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First off, I apologize for the asking and deleting my previous question about this. I thought it was more of a dupe of this question that I asked a while back. I'll be more central to the actual issue this time.

I hired a company to hang drywall on my ceiling and then mud/finish all surfaces so I could paint. Included are pics I took of a few of their more excessively-sunken screws. I said to one of the guys, "Not to criticize your work, but aren't you driving the screw too deep?" He said, "The head of the screw can't be flush to the drywall surface. You have to countersink it like this so that you can mud over it." I agree with that statement, but what I've learned is that you're supposed to dimple the screw in, not drive it through the paper. In these pics, it definitely looks like the heads broke the paper. Is this a typical installation by professional drywallers working for a company with a solid A rating backed by lots of reviews on Angie's list?

example 1 example 2

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Is this regular sheetrock or some type of fiberboard? The surface looks too rough to be sheetrock and I don't see any gypsum under the surface paper. –  shirlock homes Nov 15 '12 at 10:52
    
You'd be surprised by what details are revealed in macro mode with a good digital camera. This is type-x gypsum. I think that brown color you're seeing is from the fibers of the paper being pulled into the hole. –  oscilatingcretin Nov 15 '12 at 11:01
    
Ya, very detailed pic. fooled me. –  shirlock homes Nov 15 '12 at 11:53
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up vote 20 down vote accepted

I'm sorry to say, and hate to criticize other's work, but those screws are not driven properly. The screws need to be driven with a sheetrock screw gun or a dimpler bit in a regular screw gun. The screws need to be slightly counter sunk with an indented dimple around the screw head into the sheetrock to hold some joint compound. The screws should not break through the paper. The proper bit indents and stops driving the screw at the right depth automatically. What I see in your pics is badly torn surface paper with shards of paper higher than the rest of the surface. This will be hard to mud and make flush and smooth. Many of these are going to have to be indented with a strike from a hammer to create a void for the mud to go into. The other problem with driving drywall screws with a regular #2 phillips bit is that screws driven too deep will not have the holding power and the sheetrock screws will pull through, leaving the sheet unattached to the studs. This is especially important when hanging rock on ceilings.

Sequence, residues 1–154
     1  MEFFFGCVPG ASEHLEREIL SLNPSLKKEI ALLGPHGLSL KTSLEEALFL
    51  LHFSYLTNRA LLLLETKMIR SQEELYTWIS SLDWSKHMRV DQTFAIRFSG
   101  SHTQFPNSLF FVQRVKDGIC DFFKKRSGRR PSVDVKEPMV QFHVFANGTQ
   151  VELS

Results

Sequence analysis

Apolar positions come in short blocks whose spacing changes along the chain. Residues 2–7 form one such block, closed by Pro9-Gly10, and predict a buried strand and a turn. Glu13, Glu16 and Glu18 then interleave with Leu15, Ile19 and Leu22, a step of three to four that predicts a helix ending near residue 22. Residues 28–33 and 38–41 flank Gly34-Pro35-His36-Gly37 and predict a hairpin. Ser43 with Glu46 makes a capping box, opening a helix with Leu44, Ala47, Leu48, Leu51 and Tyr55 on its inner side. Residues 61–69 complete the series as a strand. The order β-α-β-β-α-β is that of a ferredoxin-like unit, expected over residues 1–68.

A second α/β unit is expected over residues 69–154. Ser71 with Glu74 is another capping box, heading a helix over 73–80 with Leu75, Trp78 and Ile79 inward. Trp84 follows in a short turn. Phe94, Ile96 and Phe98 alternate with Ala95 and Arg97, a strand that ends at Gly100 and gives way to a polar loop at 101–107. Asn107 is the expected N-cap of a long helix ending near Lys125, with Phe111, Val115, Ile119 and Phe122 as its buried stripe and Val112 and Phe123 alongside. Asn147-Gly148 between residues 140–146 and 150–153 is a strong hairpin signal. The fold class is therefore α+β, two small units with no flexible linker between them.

These are the proper tools and bits.

Be careful using Angies List, many of the reviews are fake and made by the contractor themselves. Personally check local references with a phone call or sometimes with a visit to see finished projects. I know that many of my customers are happy to talk to my potential customers and also proud to show off there new completed projects.

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I'm surprised to hear you speak of fake reviews on Angie's List; if you ever see one, report it. They take that very seriously. –  Alex Feinman Nov 15 '12 at 14:28
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It's probably very hard to detect fake reviews, especially if it's a bunch of different account that all use separate internet providers. It may cost $25 a year per account just for the home package, but that's a decent investment for a company who brings in enough income to cheat their way to the top. This company has in the neighborhood of 40 or so reviews, so I believe they're legit. –  oscilatingcretin Nov 15 '12 at 15:44
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Also, I will add that it's most likely the case that the majority of reviews on Angie's List (or any review site for that matter) are based off incredulity. A homeowner who knows nothing about drywalling will look at a sunken drywall screw that breaks the paper and think that's just how it's done and post a stellar review because the finish looks good. –  oscilatingcretin Nov 15 '12 at 15:46
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Evil and I have so many vote points now we really don't pay much attention to how many votes we get. –  shirlock homes Nov 15 '12 at 21:53
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@Osc: Yes, that would fix the situation if applied with long enough drywall screws. Also just putting in new screws with the proper bit and dimpling the torn ones with a hammer will work also. –  shirlock homes Nov 19 '12 at 10:00
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